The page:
China a golden opportunity for Indian jewelers
By Shehla Raza Hasan
KOLKATA - Diamonds may be a woman's best friend, but the burgeoning demand for
gems and jewelry in China and India's expertise in handcrafted jewelry may well
signal a new era of friendly business relations in this sector between the two
According to research done by India's Gems and Jewelry Export Promotion Council
(GJEPC), the Chinese gems and jewelry market is growing at the rate of 8-10%
annually, while diamond consumption is estimated to grow at 15%. China's gold
consumption value will total almost US$18 billion with an annual
export value of more than $15 billion by 2010, making China the third-largest
national gold market after India and the US. China, which was virtually
nonexistent in the field of man-made gems and cubic zirconium (CZ) processing a
decade ago, is now one of the major CZ producers alongside India, Korea, Taiwan
and Thailand. Their growth in the sector has been phenomenal in spite of very
meager domestic consumption.
With these facts and figures in mind, the GJEPC sent an 11-member delegation to
China in September to explore the possibilities of doing business in the
jewelry industry. A study of the markets and possible business prospects
between the two countries generated several revelations. The underlying intent
of the Indian side was to determine whether China is a potential market for
Indian gems and jewelry or a potential threat, and to promote two-way trade
between India and China. By projecting China as a potential market rather than
a threat, the council would draw itself closer to the new benchmark it has set
in reaching $16 billion in jewelry exports to China by 2007.
The delegation visited key towns and provinces in China where an advanced level
of business is done in the jewelry sector. These included Panyu, a Pearl River
Delta town (officially a district of Guangzhou) known as the "jewelry city" of
The council made three main observations in its report:
First, China is definitely emerging as India's arch-rival in the jewelry
sector, and India has to wake up and compete if it intends to maintain its
dominant position in the world's cut and polished diamond market.
Second, China will become the world's leading jewelry consumer and processor by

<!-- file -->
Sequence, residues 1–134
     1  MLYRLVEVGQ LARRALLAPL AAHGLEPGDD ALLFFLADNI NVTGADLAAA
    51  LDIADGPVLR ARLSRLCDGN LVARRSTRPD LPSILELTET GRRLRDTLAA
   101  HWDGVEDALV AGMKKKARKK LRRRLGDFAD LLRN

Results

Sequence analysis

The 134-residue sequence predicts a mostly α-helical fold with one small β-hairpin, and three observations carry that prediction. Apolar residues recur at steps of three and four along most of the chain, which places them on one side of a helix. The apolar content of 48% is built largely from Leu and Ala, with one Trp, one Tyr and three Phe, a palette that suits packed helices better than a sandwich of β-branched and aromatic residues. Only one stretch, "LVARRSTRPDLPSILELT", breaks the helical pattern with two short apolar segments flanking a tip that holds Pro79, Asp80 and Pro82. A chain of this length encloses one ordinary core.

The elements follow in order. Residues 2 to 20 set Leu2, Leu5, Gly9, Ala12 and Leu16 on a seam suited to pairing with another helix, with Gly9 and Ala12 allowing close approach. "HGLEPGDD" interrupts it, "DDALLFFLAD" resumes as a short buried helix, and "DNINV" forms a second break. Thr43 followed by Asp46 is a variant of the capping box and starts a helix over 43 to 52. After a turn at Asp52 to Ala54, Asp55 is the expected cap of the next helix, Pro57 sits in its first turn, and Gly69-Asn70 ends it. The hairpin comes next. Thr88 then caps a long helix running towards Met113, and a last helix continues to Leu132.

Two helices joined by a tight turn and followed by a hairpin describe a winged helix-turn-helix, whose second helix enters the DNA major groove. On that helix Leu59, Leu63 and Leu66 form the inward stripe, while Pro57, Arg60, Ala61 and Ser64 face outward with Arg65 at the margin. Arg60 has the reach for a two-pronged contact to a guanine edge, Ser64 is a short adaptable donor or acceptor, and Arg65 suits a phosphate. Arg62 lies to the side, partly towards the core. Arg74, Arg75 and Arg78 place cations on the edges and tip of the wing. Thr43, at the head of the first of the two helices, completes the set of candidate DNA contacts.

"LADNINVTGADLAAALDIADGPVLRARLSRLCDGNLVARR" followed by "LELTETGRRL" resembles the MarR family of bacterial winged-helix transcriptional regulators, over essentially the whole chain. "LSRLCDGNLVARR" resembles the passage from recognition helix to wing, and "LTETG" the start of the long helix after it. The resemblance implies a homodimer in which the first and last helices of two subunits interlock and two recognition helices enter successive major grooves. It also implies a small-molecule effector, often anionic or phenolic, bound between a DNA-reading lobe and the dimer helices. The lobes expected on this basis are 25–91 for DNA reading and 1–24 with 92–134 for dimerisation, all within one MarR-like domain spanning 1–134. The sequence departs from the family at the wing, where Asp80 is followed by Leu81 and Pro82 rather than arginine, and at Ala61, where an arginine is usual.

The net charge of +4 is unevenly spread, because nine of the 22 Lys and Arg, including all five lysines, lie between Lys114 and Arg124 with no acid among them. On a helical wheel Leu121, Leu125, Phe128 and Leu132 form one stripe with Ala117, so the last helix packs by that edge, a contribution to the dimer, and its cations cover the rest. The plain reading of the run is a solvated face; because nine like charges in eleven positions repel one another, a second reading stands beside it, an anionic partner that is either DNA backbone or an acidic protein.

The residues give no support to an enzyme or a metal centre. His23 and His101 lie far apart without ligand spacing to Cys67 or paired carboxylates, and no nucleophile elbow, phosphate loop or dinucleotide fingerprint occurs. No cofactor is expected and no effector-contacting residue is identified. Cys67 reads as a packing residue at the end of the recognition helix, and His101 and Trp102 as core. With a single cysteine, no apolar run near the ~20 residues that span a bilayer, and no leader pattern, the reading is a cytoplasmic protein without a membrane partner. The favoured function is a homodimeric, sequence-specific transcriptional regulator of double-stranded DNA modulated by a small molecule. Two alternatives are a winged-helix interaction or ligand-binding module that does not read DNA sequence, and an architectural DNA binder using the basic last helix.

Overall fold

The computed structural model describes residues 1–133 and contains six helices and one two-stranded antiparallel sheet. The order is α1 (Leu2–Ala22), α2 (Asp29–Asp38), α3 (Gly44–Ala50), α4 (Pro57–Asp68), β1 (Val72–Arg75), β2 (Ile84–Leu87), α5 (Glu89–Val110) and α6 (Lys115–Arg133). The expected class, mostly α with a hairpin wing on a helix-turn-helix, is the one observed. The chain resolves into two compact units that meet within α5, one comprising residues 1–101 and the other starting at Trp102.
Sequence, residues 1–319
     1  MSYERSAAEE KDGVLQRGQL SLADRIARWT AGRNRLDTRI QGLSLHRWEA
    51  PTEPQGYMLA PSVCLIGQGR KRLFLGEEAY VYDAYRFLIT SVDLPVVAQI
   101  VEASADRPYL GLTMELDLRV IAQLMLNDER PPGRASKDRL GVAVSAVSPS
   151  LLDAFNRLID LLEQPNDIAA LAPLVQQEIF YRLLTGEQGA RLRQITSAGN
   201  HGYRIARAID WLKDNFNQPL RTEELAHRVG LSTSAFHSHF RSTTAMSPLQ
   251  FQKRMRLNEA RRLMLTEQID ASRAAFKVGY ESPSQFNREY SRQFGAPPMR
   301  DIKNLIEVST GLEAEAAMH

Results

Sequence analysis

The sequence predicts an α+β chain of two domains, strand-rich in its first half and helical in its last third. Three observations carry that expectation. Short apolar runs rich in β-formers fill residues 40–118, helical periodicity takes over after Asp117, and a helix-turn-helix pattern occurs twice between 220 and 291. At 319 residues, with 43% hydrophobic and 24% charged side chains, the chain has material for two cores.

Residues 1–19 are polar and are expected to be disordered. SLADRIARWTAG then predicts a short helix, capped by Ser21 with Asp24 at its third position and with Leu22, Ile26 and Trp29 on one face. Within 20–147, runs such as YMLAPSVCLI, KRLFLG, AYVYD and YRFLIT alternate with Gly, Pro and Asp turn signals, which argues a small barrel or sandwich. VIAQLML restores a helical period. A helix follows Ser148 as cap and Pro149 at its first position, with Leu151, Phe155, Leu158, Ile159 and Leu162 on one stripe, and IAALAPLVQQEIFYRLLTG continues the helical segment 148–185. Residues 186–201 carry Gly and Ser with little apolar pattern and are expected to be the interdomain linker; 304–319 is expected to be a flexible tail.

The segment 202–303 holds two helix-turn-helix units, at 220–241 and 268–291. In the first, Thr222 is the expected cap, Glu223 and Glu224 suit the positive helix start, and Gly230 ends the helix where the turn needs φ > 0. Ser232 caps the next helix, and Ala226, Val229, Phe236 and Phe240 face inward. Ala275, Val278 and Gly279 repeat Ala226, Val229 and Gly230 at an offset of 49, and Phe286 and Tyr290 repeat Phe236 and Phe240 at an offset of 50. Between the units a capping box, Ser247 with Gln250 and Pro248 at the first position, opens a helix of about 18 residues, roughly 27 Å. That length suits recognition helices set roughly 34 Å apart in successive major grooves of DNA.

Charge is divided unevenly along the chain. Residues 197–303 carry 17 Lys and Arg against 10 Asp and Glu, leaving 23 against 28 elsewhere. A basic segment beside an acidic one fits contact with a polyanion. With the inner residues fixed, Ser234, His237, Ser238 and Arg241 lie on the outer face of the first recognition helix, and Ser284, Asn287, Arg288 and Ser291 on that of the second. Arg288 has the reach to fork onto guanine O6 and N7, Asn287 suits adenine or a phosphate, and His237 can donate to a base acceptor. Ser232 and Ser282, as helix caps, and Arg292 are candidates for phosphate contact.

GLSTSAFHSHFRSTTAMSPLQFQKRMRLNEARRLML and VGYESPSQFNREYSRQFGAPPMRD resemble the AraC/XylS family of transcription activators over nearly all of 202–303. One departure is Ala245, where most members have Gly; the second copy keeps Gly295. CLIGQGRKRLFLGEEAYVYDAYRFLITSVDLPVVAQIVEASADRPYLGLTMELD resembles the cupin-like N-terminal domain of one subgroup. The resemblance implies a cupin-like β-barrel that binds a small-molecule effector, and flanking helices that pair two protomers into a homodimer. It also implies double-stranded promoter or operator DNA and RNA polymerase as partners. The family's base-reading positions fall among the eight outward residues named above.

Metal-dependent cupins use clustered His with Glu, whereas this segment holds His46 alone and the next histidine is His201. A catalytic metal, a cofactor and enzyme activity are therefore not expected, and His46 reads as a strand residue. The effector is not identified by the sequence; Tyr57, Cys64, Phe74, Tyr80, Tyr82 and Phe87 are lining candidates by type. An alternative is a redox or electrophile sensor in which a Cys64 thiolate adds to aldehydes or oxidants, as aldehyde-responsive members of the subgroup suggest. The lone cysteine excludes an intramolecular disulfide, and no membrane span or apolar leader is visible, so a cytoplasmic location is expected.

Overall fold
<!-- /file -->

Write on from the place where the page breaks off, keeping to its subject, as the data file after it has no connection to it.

2010, spurred by its growing power tariff cuts and the liberalization of the
market. China's jewelry market has been growing at more than 8% annually since
the 1980s and it has become one of the few countries whose domestic consumption
exceeds $10 billion annually.
Third, a year-by-year analysis shows that in 2001, China's domestic market for
jewelry posted a record high of $9.64 billion while the country exported $2.53
billion in jewelry. In 2002, gold consumption reached roughly 250 tons, making
China the fourth-largest global consumer of gold jewelry. In platinum
consumption, China has overtaken Japan as the market leader. Already, more than
52% of the platinum jewelry in the world is made in China. China also occupies
1.8% of the world's diamond market share. Annual sales of pearls and precious
stones amount to $24 billion. With an average growth of more than 6%, China's
jewelry market is predicted to surpass $21.7 billion in 2010, accounting for
10% of the world's market.
However, in the diamond-processing sector, China still has a long way to go;
India processes 120 million carats of diamonds a year, compared to China's 2.4
million carats, which translated into diamond sales of just $740 million. China
also has only about 10,000 diamond-cutting and processing units, compared to
India's 800,000 to 1 million. China has about 25,000 people working in the
industry, compared to India's well over a million. However, China has the